MOLLUSC STUDIES

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“SHELL WARM – Acidification effects on Mediterranean molluscs”
SHELL WARM project is funded by the National Geographic with an Early Career Grant and aims to investigate the effects of seawater acidification and global warming on growth and survival of marine molluscs. Among marine calcifying organisms, molluscs seem to be very vulnerable to changes in seawater chemistry with possible negative implications for the shell formation. SHELL WARM will be performed in a unique natural laboratory, the Mediterranean site of volcanic activity off Panarea Island, where water is naturally acidified permitting to observe now what could happen in the future Sea.

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The clams project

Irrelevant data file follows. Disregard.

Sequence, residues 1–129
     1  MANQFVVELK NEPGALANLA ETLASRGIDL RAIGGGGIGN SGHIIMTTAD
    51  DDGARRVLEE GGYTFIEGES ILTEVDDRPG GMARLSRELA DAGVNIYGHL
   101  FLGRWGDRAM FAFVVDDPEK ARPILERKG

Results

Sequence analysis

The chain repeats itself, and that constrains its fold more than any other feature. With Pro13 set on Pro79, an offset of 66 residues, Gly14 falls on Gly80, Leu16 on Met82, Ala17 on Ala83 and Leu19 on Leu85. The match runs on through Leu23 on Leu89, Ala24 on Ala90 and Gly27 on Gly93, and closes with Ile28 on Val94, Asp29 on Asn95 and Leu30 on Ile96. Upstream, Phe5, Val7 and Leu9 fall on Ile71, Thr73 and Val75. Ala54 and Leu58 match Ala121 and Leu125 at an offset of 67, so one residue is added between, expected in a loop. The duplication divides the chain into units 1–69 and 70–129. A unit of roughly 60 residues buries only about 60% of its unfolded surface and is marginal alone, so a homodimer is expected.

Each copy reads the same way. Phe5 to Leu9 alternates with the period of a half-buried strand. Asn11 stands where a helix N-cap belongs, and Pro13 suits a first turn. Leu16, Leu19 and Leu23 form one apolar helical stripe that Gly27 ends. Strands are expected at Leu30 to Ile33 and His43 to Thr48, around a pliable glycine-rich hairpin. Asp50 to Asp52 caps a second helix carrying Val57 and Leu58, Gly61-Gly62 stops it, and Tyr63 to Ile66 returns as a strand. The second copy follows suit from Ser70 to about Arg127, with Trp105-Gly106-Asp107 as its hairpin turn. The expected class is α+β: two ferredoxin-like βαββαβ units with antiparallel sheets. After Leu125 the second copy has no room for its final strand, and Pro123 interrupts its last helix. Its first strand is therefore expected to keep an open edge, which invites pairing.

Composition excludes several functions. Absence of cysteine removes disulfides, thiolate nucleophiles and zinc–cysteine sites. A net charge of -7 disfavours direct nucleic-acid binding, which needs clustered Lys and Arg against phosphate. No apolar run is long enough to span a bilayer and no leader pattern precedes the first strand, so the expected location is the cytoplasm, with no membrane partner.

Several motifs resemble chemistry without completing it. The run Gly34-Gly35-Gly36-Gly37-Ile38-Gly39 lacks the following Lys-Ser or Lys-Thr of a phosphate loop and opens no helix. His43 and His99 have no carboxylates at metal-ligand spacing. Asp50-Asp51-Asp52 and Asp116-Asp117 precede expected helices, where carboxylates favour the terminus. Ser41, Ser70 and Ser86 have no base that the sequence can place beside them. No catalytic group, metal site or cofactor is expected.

The clams project’s main goal is to study the effects of increasing temperature on biological, chemical and physical parameters of clam (Chamelea gallina) populations along a wide latitudinal gradient. Morphological characteristics of the valves are determined as well as the age of the sample through growth band count of TC scans (sclerochronology). The type and structure of the crystals of the valves is investigated by means of fourier transform infrared spectroscopy (FTIR), x-ray powder diffraction analyses (XRD), thermo-gravimetric analysis (TGA) and crystallization experiments. Information on the skeletal density and porosity is determined through the buoyant weight technique.